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Curious Happenings at Number Twelve by Toujours Padfoot
Chapter 15 : Of Bloodstone and Homenum Revelio
Rating: MatureChapter Reviews: 6

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Brilliant chapter Image by CoCo786 @ TDA

“He wants you!” Tonks cried emphatically.

Nora sighed. “I don’t know, I could definitely be over-thinking it. I tend to do that sometimes.”

Tonks narrowed her eyes. “Want to prove it? Twenty galleons says he’s the first one to send a curse at Greyback next week. He’ll probably go back and hide somewhere out front, just to make sure he Stuns him before Greyback gets anywhere near you.”

Nora chewed her bottom lip. “I wish you could have been a fly on the wall, and then you’d be able to judge without being biased in my favor. I can’t reflect properly because my own feelings get in the way.”

Tonks brightened. “Got any pensieves lying around here?”

Nora shook her head. “Oh, we came so close to kissing, Tonks. It was cruel – he got me all set up for it and then he just kissed my hand. Half of me thinks he was doing it on purpose, just to be a tease.”

“Probably was,” Tonks replied knowingly. “He’s such a git.” She paused for a moment, turning her head toward the door. Pressing a finger to her lips, she darted to Nora’s door and threw it open, sticking her head out over the landing.

“Still not spying, pea-brain!” Sirius shouted from downstairs. “You can stop doing that now.”

Tonks retreated, shutting the door behind her and still looking suspicious. “Muffliato,” she muttered at the door, just for good measure. Then she plopped onto the bed beside her best friend, who was looking downcast. “He’s definitely got the hots for you,” she assured. “Dunno why you fancy him. Cargan’s a fox, though. I’m sure that door’s still open…” She sprawled out over the edge of the bed, toying with her earrings and chuckling at her own suggestion.

“Eww,” Nora shuddered. “Don’t even say that. And Sirius is a hundred times more attractive than Cargan, in my opinion. So handsome…with those eyes that look right through my soul…”

Tonks pretended to gag. “Such a git, though.”

“Yes. He is a git,” Nora conceded. “But he manages to make it endearing, somehow.”

“Probably doing voodoo behind your back,” Tonks replied. “Let’s go ransack his bedroom and see if there are any miniature Nora dolls in there. He probably bangs its head into the wall before bed every night, trying to mess up your brains enough so you’ll see through his sordid git-ness and find him charming.”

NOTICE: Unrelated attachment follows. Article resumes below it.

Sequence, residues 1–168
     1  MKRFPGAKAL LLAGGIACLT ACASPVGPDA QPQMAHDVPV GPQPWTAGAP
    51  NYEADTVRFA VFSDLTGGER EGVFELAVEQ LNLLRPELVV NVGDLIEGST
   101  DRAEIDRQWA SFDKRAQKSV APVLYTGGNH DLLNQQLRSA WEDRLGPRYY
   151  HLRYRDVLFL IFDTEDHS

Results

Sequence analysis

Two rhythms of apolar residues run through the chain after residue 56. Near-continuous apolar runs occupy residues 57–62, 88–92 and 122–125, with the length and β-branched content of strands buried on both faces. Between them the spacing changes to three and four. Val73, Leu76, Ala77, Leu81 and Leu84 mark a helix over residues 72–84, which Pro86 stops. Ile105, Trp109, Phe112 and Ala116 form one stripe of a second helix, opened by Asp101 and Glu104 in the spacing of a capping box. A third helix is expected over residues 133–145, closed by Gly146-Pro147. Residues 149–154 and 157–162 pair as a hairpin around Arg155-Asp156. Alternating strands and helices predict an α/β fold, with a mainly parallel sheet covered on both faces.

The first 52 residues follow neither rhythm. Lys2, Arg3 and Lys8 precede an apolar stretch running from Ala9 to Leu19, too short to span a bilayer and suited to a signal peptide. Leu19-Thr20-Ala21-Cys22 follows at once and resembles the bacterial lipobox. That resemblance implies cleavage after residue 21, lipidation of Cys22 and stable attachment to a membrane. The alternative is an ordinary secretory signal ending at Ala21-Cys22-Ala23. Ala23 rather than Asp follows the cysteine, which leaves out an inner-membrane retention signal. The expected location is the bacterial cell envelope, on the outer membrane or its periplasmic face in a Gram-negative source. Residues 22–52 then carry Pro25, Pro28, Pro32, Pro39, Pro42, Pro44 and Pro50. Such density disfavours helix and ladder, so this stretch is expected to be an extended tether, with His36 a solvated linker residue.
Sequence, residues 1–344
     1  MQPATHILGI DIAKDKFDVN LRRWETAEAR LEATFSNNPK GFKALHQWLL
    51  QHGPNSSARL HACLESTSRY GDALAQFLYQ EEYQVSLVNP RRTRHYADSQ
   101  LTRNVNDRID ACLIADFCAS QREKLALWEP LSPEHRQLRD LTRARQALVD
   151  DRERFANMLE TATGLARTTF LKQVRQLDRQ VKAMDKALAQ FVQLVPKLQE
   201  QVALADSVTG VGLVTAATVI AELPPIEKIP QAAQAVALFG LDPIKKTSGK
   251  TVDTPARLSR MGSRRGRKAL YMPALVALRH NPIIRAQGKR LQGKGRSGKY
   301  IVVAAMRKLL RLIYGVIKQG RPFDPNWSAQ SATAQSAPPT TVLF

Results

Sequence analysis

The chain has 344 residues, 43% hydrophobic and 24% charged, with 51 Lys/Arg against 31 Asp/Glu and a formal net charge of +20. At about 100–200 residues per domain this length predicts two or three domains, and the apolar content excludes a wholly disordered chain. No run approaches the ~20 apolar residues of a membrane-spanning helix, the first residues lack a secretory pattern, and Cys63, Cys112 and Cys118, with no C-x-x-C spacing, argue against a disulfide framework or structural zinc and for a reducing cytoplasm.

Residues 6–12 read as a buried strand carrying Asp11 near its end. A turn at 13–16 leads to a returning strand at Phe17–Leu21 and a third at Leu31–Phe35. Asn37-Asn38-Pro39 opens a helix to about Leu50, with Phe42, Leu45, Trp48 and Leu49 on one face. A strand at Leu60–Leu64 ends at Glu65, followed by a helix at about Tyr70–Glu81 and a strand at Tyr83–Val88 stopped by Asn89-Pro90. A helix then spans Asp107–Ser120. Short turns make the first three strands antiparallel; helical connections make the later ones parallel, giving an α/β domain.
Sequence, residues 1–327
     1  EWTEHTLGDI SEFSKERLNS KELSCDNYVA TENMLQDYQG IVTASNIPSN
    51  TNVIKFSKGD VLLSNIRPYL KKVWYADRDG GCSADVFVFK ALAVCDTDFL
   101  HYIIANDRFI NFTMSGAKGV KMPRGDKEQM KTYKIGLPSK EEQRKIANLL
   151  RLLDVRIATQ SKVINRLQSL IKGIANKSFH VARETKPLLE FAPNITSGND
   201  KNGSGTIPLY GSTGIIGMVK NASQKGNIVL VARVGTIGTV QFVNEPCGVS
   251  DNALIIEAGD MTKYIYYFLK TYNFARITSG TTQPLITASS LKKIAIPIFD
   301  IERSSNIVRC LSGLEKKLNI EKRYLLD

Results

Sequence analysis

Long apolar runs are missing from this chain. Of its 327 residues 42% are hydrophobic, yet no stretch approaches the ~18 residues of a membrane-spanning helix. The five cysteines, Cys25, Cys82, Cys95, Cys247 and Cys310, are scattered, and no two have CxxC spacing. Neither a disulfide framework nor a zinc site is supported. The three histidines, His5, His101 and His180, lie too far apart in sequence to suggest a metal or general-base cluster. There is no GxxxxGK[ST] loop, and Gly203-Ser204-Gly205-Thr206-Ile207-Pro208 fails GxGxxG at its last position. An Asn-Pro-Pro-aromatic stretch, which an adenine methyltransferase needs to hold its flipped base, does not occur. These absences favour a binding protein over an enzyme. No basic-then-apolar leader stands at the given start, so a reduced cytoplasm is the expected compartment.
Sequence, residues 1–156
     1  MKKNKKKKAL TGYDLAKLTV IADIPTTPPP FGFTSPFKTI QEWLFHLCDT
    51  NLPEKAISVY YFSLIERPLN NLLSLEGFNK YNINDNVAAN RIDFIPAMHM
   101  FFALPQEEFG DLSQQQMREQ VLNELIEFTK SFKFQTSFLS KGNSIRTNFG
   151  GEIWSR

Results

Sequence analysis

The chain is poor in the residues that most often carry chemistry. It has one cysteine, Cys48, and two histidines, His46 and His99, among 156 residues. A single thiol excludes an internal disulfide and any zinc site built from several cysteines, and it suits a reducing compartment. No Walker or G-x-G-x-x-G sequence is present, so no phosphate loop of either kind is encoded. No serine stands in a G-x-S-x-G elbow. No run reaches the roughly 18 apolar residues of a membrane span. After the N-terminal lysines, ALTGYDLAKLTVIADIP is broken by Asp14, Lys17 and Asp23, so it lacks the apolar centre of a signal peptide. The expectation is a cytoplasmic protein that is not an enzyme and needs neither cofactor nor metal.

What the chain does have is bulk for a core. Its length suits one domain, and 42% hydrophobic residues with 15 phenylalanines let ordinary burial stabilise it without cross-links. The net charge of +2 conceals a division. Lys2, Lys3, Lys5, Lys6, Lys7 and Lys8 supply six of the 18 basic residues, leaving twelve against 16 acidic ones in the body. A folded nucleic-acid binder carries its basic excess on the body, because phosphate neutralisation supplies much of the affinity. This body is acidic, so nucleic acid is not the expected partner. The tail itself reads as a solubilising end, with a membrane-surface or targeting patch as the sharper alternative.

Nora smiled dazedly. “He is charming…”

Tonks threw her arms up in the air. “I knew it! He’s using voodoo. I’ll bet he’s one of those lunatic insomniacs you hear about, and he comes in here at night and stares at you while you sleep. He collects your hair and puts it in a little metal tin; then he burns it with sage and mallowsweet and chants, ‘You will like me, Nora! I command you to overlook the fact that I am a jerk!’ and then – poof! You’re smitten.”

Nora burst out laughing. “Go ask him if he’s hiding exotic herbs under his mattress and see what he says.”

Tonks jumped up and flung Nora’s bedroom door wide open again. “Hey, shit-for-sense, have you got any mallowsweet?”

“Not even mallowsweet could improve your brain function, so I don’t know why you’re bothering,” Sirius’s voice drifted back up.

Tonks returned once more, pursing her lips cynically. “Sounded a bit defensive, if you ask me. We ought to go have a poke around…”

“Try that, will you?” Nora mused. “Let me know how it turns out.”

“You’re right,” Tonks agreed. “He’d probably turn me into a goose or something.”

“Goose is too nice. You’d be a three-headed slug.”

“Horrid prat,” Tonks muttered under her breath. “Hey, speaking of Remus –”

“No one was speaking of Remus.”

“Oh, just let me prattle on about him,” Tonks admonished. “We’ve been talking about that dunghead for over an hour now and I’m losing my mind. I want to brag about Remus and then after a while you’ll assure me that we’re a match made in Moony heaven; and we can just enjoy some masochistic self-serving conversation until both of us are too giddy to sit still, in which case we’ll go downstairs and binge on Peppermint Toads.”

“I do like Peppermint Toads,” Nora remarked.

And approximately forty-five minutes later, Nora and Tonks were banging around the kitchen looking for something good to feast on, all hopped-up on estrogen and the love-life confidence instilled in each by the other. Tonks especially looked floaty, singing along with the Hobgoblins on the wireless and throwing Sirius dirty looks.

“Fancy seeing you here,” Nora greeted him in what was supposed to be a neutral voice. It came out someone coy, though, and Tonks let out a giggle that she tried to disguise as a cough. Sirius turned to face Nora, and she was momentarily distracted by his long, lean-muscled body, and the memory of how sinuous it could be…and pleasant when hers was right against it…